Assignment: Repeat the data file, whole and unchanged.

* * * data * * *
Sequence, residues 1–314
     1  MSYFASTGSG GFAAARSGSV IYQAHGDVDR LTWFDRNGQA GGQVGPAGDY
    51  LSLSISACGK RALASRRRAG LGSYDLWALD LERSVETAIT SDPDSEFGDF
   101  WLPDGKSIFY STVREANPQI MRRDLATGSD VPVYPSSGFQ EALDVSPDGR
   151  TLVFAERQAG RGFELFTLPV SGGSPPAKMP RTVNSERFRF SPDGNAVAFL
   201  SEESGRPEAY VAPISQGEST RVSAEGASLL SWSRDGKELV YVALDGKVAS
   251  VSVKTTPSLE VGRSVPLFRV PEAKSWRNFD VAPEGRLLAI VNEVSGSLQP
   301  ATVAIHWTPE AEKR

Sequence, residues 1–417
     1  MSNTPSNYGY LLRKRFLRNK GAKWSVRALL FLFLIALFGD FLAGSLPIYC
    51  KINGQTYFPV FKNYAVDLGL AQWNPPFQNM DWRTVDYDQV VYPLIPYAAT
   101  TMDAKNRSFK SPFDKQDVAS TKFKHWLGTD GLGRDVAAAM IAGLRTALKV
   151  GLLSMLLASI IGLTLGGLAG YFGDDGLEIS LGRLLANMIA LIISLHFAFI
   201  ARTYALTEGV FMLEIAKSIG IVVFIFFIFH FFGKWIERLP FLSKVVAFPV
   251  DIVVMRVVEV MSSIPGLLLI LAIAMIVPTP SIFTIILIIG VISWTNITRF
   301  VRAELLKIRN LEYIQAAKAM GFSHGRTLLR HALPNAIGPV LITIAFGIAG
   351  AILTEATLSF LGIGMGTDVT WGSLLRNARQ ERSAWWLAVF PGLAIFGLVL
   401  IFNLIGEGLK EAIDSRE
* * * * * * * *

Sequence, residues 1–314
     1  MSYFASTGSG GFAAARSGSV IYQAHGDVDR LTWFDRNGQA GGQVGPAGDY
    51  LSLSISACGK RALASRRRAG LGSYDLWALD LERSVETAIT SDPDSEFGDF
   101  WLPDGKSIFY STVREANPQI MRRDLATGSD VPVYPSSGFQ EALDVSPDGR
   151  TLVFAERQAG RGFELFTLPV SGGSPPAKMP RTVNSERFRF SPDGNAVAFL
   201  SEESGRPEAY VAPISQGEST RVSAEGASLL SWSRDGKELV YVALDGKVAS
   251  VSVKTTPSLE VGRSVPLFRV PEAKSWRNFD VAPEGRLLAI VNEVSGSLQP
   301  ATVAIHWTPE AEKR

Sequence, residues 1–417
     1  MSNTPSNYGY LLRKRFLRNK GAKWSVRALL FLFLIALFGD FLAGSLPIYC
    51  KINGQTYFPV FKNYAVDLGL AQWNPPFQNM DWRTVDYDQV VYPLIPYAAT
   101  TMDAKNRSFK SPFDKQDVAS TKFKHWLGTD GLGRDVAAAM IAGLRTALKV
   151  GLLSMLLASI IGLTLGGLAG YFGDDGLEIS LGRLLANMIA LIISLHFAFI
   201  ARTYALTEGV FMLEIAKSIG IVVFIFFIFH FFGKWIERLP FLSKVVAFPV
   251  DIVVMRVVEV MSSIPGLLLI LAIAMIVPTP SIFTIILIIG VISWTNITRF
   301  VRAELLKIRN LEYIQAAKAM GFSHGRTLLR HALPNAIGPV LITIAFGIAG
   351  AILTEATLSF LGIGMGTDVT WGSLLRNARQ ERSAWWLAVF PGLAIFGLVL
   401  IFNLIGEGLK EAIDSRE